In Maryland and across the nation, women face inequities in health, caregiving responsibilities, economic opportunity, safety and more. Overall, women earn 84 cents to every dollar men make, while Black and Latina women make 68 and 46 cents to every dollar that a man makes respectively. Additionally, reproductive rights and a woman’s right to make decisions about her body are under attack now more than ever before, and child care and paid leave policies too often force women to choose between nurturing their career and nurturing their families. When it comes to public safety, women are also more likely to be victims of sex crimes and human trafficking. It is essential that Maryland continue to advance solutions to expand economic opportunities, reproductive rights, and enhance families’ economic and personal security.
Wes Moore and Aruna Miller are ready to address these challenges head-on because our state and economy work better when everyone has equitable access to opportunity. Former Delegate Aruna Miller has spent her career fighting the status quo; from being an immigrant who came to the United States as a little girl, graduating as a Civil Engineer in a male-dominated field, and to being elected as the first Indian American woman to the Maryland General Assembly. In these roles, and in raising three daughters and being a caretaker for her mother, Aruna understands firsthand the challenges women face. Wes credits his mother’s support as the most important factor in his success. After Wes’ father died, he watched his mom work three jobs just to support their family. He knows the challenges a single mom faces raising a family.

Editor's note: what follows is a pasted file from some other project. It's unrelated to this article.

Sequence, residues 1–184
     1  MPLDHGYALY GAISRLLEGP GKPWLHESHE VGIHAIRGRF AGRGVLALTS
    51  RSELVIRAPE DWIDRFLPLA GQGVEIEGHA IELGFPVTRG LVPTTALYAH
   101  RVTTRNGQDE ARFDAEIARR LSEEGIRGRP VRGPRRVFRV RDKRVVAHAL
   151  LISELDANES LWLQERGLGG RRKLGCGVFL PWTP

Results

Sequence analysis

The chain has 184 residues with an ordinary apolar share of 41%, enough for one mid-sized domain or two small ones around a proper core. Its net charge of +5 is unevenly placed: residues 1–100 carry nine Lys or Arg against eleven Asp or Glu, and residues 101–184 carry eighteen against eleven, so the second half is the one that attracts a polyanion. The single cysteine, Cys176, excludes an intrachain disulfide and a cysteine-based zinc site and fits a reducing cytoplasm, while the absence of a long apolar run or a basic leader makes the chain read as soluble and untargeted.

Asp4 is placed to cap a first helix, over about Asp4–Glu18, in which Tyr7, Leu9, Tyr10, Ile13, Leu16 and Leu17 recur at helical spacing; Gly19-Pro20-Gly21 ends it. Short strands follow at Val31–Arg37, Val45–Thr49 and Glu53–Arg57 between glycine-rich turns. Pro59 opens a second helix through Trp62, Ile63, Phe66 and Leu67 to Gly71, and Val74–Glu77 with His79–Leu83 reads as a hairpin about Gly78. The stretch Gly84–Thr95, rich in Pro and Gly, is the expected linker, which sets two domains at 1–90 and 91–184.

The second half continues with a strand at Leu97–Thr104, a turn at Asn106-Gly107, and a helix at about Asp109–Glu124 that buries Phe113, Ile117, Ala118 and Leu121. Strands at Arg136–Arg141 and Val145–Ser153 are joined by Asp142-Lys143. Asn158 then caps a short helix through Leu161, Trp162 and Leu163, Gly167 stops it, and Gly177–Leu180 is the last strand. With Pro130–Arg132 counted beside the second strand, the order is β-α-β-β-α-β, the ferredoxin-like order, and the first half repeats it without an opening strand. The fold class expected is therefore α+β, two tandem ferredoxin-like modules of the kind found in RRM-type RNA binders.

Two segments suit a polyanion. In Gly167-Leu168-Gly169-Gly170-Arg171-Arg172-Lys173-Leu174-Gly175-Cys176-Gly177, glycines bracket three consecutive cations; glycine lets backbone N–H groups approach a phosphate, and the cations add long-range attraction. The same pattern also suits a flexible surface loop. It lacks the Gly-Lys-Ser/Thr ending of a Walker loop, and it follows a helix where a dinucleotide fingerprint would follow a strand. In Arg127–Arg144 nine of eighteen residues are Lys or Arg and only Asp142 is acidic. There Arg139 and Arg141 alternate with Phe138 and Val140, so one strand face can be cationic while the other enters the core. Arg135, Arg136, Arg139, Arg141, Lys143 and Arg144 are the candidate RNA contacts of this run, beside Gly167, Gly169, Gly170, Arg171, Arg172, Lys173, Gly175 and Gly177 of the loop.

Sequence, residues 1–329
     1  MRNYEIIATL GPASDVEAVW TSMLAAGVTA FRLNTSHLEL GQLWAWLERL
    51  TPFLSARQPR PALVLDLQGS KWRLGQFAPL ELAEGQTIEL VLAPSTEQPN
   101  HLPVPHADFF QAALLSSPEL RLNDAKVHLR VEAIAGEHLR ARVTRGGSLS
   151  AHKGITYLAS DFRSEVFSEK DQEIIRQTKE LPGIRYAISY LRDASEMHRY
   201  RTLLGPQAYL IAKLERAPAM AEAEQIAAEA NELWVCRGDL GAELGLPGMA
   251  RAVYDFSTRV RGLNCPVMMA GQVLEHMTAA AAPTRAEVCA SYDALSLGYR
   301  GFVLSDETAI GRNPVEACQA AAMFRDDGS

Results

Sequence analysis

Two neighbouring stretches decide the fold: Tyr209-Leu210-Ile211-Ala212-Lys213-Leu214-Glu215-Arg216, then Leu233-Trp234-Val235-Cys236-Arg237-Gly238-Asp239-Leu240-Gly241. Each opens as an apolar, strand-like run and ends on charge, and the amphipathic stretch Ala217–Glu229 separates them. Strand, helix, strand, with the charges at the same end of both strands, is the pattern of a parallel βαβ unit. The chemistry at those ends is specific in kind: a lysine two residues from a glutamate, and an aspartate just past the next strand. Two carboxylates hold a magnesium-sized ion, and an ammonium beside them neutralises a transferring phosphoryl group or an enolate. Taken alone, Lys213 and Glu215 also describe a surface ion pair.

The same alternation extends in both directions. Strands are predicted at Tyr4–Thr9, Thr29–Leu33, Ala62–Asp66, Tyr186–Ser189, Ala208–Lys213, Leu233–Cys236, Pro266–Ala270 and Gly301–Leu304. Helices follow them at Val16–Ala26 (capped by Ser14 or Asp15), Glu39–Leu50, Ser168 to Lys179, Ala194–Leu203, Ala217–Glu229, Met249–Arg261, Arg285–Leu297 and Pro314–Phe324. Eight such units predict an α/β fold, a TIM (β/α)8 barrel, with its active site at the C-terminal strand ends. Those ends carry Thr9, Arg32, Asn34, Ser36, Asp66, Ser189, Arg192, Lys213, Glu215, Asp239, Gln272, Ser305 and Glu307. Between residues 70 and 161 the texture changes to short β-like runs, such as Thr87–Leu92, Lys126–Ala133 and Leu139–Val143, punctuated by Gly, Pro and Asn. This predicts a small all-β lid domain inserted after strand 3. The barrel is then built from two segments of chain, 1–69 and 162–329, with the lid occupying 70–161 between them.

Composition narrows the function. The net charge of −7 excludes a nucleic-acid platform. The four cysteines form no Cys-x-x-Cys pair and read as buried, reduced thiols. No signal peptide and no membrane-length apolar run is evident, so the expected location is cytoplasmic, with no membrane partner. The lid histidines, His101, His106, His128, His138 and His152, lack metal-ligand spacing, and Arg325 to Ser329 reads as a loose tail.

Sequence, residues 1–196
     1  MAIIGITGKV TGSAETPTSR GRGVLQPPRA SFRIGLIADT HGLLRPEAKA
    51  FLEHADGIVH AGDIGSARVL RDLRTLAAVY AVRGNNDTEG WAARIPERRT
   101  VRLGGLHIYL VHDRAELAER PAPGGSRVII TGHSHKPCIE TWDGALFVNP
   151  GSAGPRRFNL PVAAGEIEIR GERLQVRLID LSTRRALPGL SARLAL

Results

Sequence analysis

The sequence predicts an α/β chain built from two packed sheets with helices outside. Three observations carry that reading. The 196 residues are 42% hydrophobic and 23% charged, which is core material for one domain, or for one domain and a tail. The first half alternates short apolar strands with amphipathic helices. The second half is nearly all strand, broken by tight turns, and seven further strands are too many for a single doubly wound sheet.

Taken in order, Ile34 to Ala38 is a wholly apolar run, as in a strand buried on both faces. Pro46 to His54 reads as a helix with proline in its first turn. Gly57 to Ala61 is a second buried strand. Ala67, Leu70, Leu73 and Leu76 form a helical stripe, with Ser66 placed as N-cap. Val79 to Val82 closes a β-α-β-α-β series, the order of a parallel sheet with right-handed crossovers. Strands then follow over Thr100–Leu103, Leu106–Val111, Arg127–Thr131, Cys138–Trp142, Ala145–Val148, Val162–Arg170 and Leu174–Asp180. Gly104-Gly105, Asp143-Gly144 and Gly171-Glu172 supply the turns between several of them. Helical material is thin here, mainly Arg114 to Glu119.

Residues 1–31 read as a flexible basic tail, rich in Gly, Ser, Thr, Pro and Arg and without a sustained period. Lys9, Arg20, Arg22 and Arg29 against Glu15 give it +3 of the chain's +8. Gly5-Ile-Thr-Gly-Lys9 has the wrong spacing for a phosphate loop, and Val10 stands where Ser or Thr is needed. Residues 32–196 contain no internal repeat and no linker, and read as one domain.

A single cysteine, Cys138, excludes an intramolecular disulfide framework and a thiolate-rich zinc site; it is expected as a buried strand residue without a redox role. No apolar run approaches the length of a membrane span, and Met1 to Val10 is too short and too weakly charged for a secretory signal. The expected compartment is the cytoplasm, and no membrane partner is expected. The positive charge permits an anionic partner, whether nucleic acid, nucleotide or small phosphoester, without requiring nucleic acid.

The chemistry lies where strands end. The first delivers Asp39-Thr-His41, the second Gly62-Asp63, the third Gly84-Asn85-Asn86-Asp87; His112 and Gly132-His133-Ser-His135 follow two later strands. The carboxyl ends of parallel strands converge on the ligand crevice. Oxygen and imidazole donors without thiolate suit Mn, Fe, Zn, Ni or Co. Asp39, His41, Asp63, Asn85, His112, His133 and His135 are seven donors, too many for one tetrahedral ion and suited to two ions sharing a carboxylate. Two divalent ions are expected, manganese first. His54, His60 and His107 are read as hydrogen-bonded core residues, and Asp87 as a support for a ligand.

With this shared determination to implement equitable policies, the Moore-Miller administration will:
- Advance reproductive rights by enshrining the protections of Roe v. Wade into our constitution, expanding access to abortion training for health care providers and ensuring that every Maryland can afford and access reproductive care.
- Repeal the Maryland law allowing spouses who engage in sexual abuse against their partner to use their marriage as a legal defense; and pass legislation to ensure that women, particularly minors, aren’t charged as criminals when they are forced into prostitution by human traffickers.
- Ensure equal pay for women by exploring policies requiring companies to disclose demographics on gender, race and salary bands; and removing salary history from the interview process.
- Establish a Women in STEM focus across all levels of education and invest in job training and credentialing programs to drive women into high-demand, high-paying STEM jobs.
- Get women back to work by ensuring every family has access to quality, affordable child care by broadening the expansion of the Child and Dependent Care Tax Credit, developing a system to cap out-of-pocket expenses for families in need and more.
- Secure paid sick, family, and medical leave for every Marylander so that no family has to choose between caring for a new child or loved one or their paycheck.
- Allow small, woman-owned businesses to compete by modernizing Maryland’s procurement process, requiring small business set-asides, and making it easier for local governments to piggyback on state contracts with small and woman-owned businesses.